There Goes My Everything
There Goes My Everything
White Southerners in the Age of Civil Rights, 1945-1975
Knopf, Hardcover, 9780307263568, 448pp.
Publication Date: August 22, 2006
While the landmarks of the civil rights movement have become indelible parts of our collective memory, few have written about what life was like for white southerners who lived through that historic time. Now, in his brilliant debut book, historian Jason Sokol explores the untold stories of ordinary people experiencing the tumultuous decades that forever altered the American landscape. So often historical accounts of the era have focused on the movement’s most dramatic moments and figures, and paid greatest attention to the brave steps taken by blacks to effect long-awaited change. In this riveting book, Sokol goes beyond the 1955 Montgomery bus boycott, the 1960 student sit-ins, and the soul-stirring speeches of Martin Luther King, Jr., and into the lives of middle- and working-class whites whose world was becoming unrecognizable to them. He takes us to New Orleans’s Ninth Ward, where, in 1960, a painful episode of school integration brought out the fiercest prejudices in some and made accidental radicals of others; to Ollie’s Barbecue in Birmingham and Pickrick Fried Chicken in Atlanta, and thousands of lunch counters in between, where “some white employees greeted black customers as though they had been patrons for years; others slammed doors in their faces; still more served them hesitantly and reluctantly.”
There Goes My Everything traces the origins of the civil rights struggle from World War II, when some black and white American soldiers lived and fought side by side overseas (leading them to question Jim Crow at home), to the beginnings of change in the 1950s and the flared tensions of the 1960s, into the 1970s, when strongholds of white rule suddenly found themselves overtaken by rising black political power. Through it all, Sokol resists the easy categorization of whites caught in the torrent of change; rather, he gives us nuanced portraits of people resisting, embracing, and questioning the social revolution taking place around them. Drawing on recorded interviews, magazine bureau dispatches, and newspaper editorials, Sokol seamlessly weaves together historical analysis with firsthand accounts. Here are the stories of white southerners in their own words, presented without condescension or moral judgment.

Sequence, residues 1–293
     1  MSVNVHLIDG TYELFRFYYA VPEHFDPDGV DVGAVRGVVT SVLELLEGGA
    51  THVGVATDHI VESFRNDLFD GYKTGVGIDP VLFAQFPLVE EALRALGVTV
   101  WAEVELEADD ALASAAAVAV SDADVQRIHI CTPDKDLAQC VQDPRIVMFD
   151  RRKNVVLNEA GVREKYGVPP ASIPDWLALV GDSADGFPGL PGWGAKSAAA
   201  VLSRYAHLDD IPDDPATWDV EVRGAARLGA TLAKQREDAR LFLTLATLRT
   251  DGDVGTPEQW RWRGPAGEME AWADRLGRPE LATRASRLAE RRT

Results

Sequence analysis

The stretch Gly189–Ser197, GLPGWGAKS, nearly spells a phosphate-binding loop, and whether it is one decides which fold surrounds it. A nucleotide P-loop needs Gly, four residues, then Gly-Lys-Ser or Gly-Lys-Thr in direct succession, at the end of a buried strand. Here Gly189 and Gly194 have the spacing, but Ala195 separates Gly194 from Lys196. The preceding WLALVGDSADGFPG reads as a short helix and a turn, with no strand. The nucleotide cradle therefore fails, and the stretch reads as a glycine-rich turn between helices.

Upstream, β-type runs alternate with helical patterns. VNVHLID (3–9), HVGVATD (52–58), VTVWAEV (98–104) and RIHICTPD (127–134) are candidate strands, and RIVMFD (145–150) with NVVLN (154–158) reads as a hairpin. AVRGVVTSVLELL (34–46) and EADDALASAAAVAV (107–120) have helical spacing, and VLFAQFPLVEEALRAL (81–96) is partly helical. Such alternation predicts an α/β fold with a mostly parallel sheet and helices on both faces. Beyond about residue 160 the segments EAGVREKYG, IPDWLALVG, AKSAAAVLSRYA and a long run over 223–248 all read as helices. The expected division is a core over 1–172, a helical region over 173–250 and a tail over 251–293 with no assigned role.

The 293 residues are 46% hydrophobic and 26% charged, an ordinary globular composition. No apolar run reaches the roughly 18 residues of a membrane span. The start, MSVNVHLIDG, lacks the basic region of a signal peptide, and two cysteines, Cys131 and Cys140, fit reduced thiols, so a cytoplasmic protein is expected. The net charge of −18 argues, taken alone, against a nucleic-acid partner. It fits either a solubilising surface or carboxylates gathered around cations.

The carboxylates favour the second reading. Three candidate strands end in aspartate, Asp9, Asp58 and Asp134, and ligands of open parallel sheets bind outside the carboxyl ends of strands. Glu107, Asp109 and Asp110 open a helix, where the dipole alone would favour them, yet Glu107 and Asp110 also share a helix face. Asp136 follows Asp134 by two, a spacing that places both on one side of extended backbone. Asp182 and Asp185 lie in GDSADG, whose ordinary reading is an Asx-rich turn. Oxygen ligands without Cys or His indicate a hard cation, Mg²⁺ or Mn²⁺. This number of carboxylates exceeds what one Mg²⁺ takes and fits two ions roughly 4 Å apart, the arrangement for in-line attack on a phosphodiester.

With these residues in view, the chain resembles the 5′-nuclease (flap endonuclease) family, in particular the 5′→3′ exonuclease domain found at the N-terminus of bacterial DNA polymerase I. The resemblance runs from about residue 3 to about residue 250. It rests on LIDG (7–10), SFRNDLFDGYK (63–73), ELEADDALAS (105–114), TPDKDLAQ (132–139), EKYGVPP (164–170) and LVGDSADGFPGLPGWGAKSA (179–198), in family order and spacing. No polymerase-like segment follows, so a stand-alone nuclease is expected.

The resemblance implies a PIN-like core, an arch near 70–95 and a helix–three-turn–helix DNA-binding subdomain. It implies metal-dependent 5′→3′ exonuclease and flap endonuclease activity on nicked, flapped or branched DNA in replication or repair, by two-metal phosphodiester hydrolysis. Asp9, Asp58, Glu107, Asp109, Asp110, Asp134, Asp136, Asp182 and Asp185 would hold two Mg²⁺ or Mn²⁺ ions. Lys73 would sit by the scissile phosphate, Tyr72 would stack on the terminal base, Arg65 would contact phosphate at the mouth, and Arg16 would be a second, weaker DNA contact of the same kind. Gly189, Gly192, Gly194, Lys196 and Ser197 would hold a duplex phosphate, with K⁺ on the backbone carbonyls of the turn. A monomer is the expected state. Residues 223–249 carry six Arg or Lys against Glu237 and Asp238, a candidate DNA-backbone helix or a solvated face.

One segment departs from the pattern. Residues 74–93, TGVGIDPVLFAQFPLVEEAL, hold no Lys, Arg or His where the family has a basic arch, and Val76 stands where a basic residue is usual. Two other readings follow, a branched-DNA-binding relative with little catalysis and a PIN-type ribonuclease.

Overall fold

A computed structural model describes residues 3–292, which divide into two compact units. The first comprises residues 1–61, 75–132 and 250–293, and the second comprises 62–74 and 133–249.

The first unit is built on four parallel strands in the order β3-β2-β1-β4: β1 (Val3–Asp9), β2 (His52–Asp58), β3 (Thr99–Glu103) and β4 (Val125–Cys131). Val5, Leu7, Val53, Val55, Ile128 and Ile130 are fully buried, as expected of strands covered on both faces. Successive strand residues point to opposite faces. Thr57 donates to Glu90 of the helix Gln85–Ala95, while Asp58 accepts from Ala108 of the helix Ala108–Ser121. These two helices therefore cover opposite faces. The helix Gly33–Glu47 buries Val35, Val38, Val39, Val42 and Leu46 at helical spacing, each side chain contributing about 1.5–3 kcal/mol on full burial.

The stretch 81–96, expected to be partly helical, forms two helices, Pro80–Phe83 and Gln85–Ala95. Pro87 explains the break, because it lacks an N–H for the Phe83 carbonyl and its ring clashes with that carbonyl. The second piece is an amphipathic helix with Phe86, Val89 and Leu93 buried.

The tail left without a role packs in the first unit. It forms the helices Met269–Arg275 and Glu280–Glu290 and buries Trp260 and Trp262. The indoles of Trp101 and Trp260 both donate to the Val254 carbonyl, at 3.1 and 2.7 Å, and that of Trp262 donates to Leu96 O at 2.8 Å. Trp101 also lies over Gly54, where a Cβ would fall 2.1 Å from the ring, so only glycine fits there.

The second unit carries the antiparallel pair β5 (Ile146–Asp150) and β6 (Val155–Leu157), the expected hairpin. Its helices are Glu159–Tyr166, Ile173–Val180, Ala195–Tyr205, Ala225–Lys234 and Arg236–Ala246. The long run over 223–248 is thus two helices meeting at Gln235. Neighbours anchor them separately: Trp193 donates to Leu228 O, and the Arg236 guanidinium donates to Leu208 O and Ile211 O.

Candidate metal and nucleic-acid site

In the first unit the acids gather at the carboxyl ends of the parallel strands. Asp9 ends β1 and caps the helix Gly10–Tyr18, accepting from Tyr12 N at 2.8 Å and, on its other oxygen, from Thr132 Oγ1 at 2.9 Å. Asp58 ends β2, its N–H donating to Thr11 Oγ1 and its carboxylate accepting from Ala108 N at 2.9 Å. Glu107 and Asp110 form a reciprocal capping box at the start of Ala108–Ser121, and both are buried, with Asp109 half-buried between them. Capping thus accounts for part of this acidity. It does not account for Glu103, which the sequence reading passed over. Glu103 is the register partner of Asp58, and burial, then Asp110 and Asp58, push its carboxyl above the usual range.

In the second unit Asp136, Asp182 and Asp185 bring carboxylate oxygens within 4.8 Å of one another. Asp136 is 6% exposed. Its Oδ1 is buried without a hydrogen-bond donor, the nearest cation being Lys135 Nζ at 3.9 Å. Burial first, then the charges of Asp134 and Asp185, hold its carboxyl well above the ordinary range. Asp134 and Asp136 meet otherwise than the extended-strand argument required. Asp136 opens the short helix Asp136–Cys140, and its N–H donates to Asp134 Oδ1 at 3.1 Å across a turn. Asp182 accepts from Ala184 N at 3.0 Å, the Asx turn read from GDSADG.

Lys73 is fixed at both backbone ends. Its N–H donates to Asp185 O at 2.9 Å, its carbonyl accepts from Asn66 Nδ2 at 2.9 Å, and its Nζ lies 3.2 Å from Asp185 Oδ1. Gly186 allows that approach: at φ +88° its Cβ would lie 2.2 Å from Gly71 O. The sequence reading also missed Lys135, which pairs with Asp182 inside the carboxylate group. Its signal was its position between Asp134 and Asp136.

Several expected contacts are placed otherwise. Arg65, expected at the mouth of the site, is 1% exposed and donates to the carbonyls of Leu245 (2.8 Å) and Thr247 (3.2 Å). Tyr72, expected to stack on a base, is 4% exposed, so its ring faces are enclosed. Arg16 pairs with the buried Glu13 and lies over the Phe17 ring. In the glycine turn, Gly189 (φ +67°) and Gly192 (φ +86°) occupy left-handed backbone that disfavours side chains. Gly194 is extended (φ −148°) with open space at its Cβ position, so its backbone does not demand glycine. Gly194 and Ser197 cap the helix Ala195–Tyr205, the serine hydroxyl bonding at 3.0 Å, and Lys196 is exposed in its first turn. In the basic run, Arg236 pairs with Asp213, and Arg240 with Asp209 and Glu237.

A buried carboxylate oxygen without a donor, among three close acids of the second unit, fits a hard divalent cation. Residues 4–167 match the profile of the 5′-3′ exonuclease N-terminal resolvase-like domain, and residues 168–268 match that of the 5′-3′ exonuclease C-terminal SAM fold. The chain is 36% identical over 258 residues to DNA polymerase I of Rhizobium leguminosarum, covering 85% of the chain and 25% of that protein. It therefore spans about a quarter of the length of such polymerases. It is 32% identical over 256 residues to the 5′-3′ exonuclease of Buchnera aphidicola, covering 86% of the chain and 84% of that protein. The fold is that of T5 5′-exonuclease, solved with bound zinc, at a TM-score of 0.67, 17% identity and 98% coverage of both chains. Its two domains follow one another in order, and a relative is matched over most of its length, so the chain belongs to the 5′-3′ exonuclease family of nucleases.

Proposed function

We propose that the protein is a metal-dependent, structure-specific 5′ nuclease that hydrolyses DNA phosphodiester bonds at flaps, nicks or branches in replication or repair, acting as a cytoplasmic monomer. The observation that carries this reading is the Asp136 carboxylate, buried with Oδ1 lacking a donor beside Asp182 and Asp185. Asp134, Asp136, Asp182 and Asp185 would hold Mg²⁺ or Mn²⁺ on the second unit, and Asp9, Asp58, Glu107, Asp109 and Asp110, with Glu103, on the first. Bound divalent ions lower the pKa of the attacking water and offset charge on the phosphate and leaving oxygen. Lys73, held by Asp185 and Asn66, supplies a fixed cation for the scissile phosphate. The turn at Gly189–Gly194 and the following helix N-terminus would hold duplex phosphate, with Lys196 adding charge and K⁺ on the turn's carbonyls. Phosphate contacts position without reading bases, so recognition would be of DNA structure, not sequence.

An unprecedented picture of one of the historic periods in twentieth-century America.
Advance Praise for Jason Sokol’s There Goes My Everything:
“For most of us, ‘white southerners’ remain an undifferentiated mass of forces hostile to the social and political progress of African-Americans in the civil rights era. Jason Sokol brilliantly reveals, for the first time, that this image was only one dimension of a vastly more complex range of emotions and opinions within the white southern community between 1945 and 1975. There Goes My Everything is a subtle, nuanced, and strikingly original study that explores the ways in which the white community was not only threatened by but also conflicted about the black revolution that engulfed it, and it does so with sympathy and grace.”
--Henry Louis Gates, Jr.
“It’s difficult not to approach Sokol’s book with sheer astonishment that it has been written by one so young...but in truth, just about any scholar in the field would be happy to claim There Goes My Everything as his or her own work.”
--The Washington Post Book World
“A fascinating and remarkably empathetic assessment of how white southerners experienced the civil-rights movement.”
--The Atlantic Monthly
“Sokol never apologizes or attempts to mitigate the often brutal and violent consequences of Southern racism. His eloquent presentation, with all of its complications, provides an invaluable and much-needed addition to our understanding of how the Civil Rights movement was actually lived.”
“This debut...is an insightful, incisive analysis of a critical period of change in American history...Sokol offers an original and penetrating perspective on what all too often is assumed to be one singular progression.”
“A well-conceived study of the changes...that swept the white South as its privileged position came under challenge in the Civil Rights era.”
“An apt and even arresting narration of the ways that the white South included hard and soft racism, iron certainty and deep doubt.”
--The Chronicle of Higher Education
“A fascinating look at a side of the civil rights movement that has not been a widely explored aspect of one of the greatest social transformations in U.S. history.”